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Our virus debt will be jaw-dropping but nothing to worry about for now

Business

Australia’s staggering debt binge to keep the economy alive could be paid off by a small rise in the Medicare levy, according to Deloitte Access Economics.

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The expectation is that Australia will have to sell an extra $300 billion in bonds to deal with the escalating problem.

Economist Gene Tunny said that would not be a problem at current interest rates but if the debt needs to be refinanced at a later date when interest rates are higher, it could become problematic.

Deloitte’s Chris Richardson said the dollar amounts in the rescue package were “jaw-dropping” but interest rates were at historic lows and there was an option of doing nothing to pay back the debt.

He said benefits from the programs would be substantial. The $130 billion wage subsidy would save 500,000 jobs and reduce unemployment from an expected 12 per cent down to 8 per cent.

“Never in the 2000 years of recorded history of interest rates has it been cheaper for governments to borrow. Never. And markets aren’t fazed in the slightest:  they reacted to the latest package by dropping the rate on 10-year Commonwealth borrowing substantially further,” Richardson said.

The Government’s rescue has so far amounted to $213 billion and Richardson said the ongoing interest would be $1.6 billion, which could be dealt with by raising the Medicare levy from 2 per cent to 2.14 per cent.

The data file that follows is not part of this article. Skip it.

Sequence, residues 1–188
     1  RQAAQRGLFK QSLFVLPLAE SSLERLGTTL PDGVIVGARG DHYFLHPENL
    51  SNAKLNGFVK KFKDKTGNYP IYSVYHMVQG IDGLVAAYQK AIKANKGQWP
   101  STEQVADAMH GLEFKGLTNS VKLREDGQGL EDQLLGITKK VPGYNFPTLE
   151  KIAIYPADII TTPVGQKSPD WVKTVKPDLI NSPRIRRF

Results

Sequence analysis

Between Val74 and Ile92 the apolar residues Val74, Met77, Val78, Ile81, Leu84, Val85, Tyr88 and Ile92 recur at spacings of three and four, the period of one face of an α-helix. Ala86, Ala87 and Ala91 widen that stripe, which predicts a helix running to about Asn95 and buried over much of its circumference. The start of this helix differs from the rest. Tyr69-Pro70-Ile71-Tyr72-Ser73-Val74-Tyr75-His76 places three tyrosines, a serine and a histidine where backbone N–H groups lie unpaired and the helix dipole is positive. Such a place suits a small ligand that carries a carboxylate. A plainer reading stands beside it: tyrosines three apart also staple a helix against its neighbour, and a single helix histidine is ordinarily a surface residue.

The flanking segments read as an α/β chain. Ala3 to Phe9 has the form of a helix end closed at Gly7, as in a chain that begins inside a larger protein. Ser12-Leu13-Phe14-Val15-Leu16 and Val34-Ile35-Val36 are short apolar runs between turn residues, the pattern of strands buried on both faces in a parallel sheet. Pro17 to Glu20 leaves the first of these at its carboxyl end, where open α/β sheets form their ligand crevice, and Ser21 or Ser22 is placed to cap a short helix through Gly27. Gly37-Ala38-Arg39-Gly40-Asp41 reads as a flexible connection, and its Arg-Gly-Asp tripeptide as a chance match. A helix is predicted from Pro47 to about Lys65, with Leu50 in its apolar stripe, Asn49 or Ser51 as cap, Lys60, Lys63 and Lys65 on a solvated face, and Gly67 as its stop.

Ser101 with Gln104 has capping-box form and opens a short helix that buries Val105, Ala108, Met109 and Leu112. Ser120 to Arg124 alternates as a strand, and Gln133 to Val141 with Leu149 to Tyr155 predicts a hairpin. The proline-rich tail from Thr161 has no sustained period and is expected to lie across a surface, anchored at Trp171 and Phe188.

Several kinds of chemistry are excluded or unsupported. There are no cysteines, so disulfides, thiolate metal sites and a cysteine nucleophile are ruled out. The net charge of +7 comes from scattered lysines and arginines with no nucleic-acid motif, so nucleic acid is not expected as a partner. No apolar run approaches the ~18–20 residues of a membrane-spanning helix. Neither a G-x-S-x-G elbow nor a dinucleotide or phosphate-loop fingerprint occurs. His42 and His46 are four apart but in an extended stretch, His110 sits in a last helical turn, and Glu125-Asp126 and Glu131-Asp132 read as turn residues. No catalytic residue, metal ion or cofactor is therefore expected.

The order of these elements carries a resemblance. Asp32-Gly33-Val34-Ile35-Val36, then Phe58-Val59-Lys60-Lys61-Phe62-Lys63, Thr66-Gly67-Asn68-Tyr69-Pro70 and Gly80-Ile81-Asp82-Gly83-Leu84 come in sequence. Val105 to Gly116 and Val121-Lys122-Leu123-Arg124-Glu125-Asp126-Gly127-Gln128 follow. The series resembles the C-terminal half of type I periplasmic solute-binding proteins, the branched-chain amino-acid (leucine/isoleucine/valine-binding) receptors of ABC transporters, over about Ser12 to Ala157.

“That’s not nothing.  You’d much prefer not to have to pay that much extra in interest every year.  And there’s a chance that rates eventually go back up – though probably not for a long time.  Yet these costs are far from scary,” Richardson said.

“Australia’s economy will grow again on the other side of this war.  So, here’s a simple suggestion: let’s just let our debts from this new war simply became a smaller share of our growing economy over time.

“That’s what we did with the war-time debts of the past.  And it’s probably the smart play this time too.

“We’ll be borrowing about an extra 10 per cent of national income.  If we choose not to pay back a single cent of that, the growth in our economy over time will halve to about 5 per cent of national income in 18 years, and then halve again to 2.5 per cent in a further 18 years.”

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